The city has several progressive policies, such as abortion on demand, a limited form of euthanasia, no-fault divorce, and same-sex marriage.
Since 7 January 2008 the law allows the terminally ill —or closest relatives, if unconscious— to refuse medication or further medical treatment that may extend life (known as passive euthanasia) in Mexico City, in the state of Aguascalientes (since 6 April 2009) and, since 1 September 2009, in the state of Michoacán.

Peñon woman

Peñon Woman III
The oldest signs of human occupation in Mexico City area are those of the "Peñon woman" and others found in San Bartolo Atepehuacan (Gustavo A. Madero), and were believed to correspond to the lower Cenolithic period (9500-7000 BC).
Peñon woman or Peñon Woman III is the name for the human remains, specifically a skull, of a Paleo-Indian woman found by an ancient lake bed in Pueblo Peñón de los Baños in Mexico City in 1959.

Municipalities of Mexico

Municipalitymunicipalitiesmunicipio
In 1524, the municipality of Mexico City was established, known as México Tenochtitlán, and as of 1585, it was officially known as Ciudad de México (Mexico City).
As of the establishment of two new municipalities in Chiapas in September 2017, there are 2,448 municipalities in Mexico, not including the 16 delegaciones of Mexico City.

Legislative Assembly of Mexico City

Legislative Assembly of the Federal DistrictLegislative AssemblyFederal District Legislative Assembly
After years of demanding greater political autonomy, residents were finally given the right to elect both a Head of Government and the representatives of the unicameral Legislative Assembly by election in 1997.
The Legislative Assembly of Mexico City (Asamblea Legislativa de la Ciudad de México, ALCDMX) is the legislative branch of government of the Mexico City.

Battle for Mexico City

Mexico Cityfall of Mexico CityBattle of Mexico City
The Battle for Mexico City was the series of engagements from 8 to 15 September 1847, in the general vicinity of Mexico City during the U.S. Mexican War.
The Battle for Mexico City refers to the series of engagements from September 8 to September 15, 1847, in the general vicinity of Mexico City during the Mexican–American War.

Latin America

Latin AmericanLatin-AmericaCentral and South America
If it were an independent country, in 2013, Mexico City would be the fifth-largest economy in Latin America, five times as large as Costa Rica and about the same size as Peru.
Places such as Cancún, Riviera Maya, Galápagos Islands, Punta Cana, Chichen Itza, Cartagena de Indias, Cabo San Lucas, Mexico City, Machu Picchu, Margarita Island, Acapulco, San Ignacio Miní, Santo Domingo, Buenos Aires, Salar de Uyuni, Rio de Janeiro, Punta del Este, Labadee, San Juan, São Paulo, La Habana, Panama City, Iguazú Falls, Puerto Vallarta, Poás Volcano National Park, Viña del Mar, Guanajuato City, Bogotá, Santa Marta, San Andrés, San Miguel de Allende, Lima, Guadalajara, Cuzco, Ponce and Perito Moreno Glacier are popular among international visitors in the region.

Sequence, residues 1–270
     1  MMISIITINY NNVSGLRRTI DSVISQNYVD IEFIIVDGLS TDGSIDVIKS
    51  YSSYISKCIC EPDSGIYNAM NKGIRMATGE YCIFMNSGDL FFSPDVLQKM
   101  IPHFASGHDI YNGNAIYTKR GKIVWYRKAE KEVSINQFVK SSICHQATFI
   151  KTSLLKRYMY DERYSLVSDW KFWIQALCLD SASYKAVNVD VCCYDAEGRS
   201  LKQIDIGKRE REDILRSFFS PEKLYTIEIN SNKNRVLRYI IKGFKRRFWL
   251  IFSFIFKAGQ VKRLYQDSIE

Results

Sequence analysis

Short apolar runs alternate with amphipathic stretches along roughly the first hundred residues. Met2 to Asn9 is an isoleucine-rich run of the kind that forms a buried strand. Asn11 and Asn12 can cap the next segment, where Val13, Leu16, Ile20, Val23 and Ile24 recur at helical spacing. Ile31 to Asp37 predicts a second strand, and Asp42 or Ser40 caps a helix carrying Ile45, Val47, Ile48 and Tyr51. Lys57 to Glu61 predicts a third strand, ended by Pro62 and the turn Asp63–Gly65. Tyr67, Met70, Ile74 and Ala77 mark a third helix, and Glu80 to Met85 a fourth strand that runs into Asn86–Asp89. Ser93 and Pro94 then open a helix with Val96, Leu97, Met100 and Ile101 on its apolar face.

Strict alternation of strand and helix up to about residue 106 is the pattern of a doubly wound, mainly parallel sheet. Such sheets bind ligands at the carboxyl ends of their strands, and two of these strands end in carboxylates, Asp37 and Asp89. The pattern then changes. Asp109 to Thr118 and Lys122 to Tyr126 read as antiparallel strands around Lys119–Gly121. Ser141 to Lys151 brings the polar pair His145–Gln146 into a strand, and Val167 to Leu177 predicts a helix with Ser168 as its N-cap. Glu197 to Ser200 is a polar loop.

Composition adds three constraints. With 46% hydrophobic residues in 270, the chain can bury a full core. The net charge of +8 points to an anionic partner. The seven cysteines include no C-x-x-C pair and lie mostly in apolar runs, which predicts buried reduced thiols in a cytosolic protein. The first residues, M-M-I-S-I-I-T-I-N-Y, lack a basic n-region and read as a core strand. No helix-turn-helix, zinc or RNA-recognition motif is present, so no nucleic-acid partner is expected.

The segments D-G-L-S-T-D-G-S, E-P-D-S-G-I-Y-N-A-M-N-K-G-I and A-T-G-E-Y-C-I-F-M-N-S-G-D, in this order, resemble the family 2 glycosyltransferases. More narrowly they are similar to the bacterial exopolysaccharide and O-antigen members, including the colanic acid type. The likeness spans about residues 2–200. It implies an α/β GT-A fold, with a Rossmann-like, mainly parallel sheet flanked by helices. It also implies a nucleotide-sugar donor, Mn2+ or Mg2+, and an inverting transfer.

List of oldest continuously inhabited cities

oldest continuously inhabited citiesoldest cities in the worldoldest cities
Mexico's capital is both the oldest capital city in the Americas and one of two founded by Native Americans, the other being Quito, Ecuador.

Capital city

Capitaladministrative centerDistrict seat
Mexico City, or the City of Mexico (Ciudad de México, ; abbreviated as CDMX, Āltepētl Mēxihco), is the capital of Mexico and the most populous city in North America.
Examples are Athens, Bangkok, Brussels, Copenhagen, Cairo, London, Mexico City, Paris, Lima, Seoul and Tokyo.

Same-sex marriage in Mexico City

Mexico Citysame-sex marriagelaws
The city has several progressive policies, such as abortion on demand, a limited form of euthanasia, no-fault divorce, and same-sex marriage.
Being the seat of the Powers of the Union, Mexico City did not belong to any particular state but to all.

Battle of Chapultepec

ChapultepecStorming of Chapultepecassault on Chapultepec
Included are major actions at the battles of Molino del Rey and Chapultepec, culminating with the fall of Mexico City.
The Battle of Chapultepec in September 1847 was an assault by American forces on the Mexican forces holding Chapultepec in Mexico City.

Mexican–American War

Mexican-American WarMexican WarMexican American War
The Battle for Mexico City was the series of engagements from 8 to 15 September 1847, in the general vicinity of Mexico City during the U.S. Mexican War. It was also the objective of one of the two French invasions to Mexico (1861-1867), and occupied for a year by American troops in the framework of the Mexican–American War (1847-1848).
The U.S. Army under Major General Winfield Scott eventually captured Mexico City through stiff resistance, having marched west from the port of Veracruz on the Gulf Coast, where the U.S. staged its first ever major amphibious landing.

Treaty of Guadalupe Hidalgo

Treaty of Guadalupe-Hidalgo1848 Treaty of Guadalupe HidalgoTreaty of Guadalupe
The treaty of Guadalupe Hidalgo was signed in what is now the far north of the city.
The Treaty of Guadalupe Hidalgo (Tratado de Guadalupe Hidalgo in Spanish), officially titled the Treaty of Peace, Friendship, Limits and Settlement between the United States of America and the Mexican Republic, is the peace treaty signed on February 2, 1848, in the Villa de Guadalupe Hidalgo (now a neighborhood of Mexico City) between the United States and Mexico that ended the Mexican–American War (1846–1848).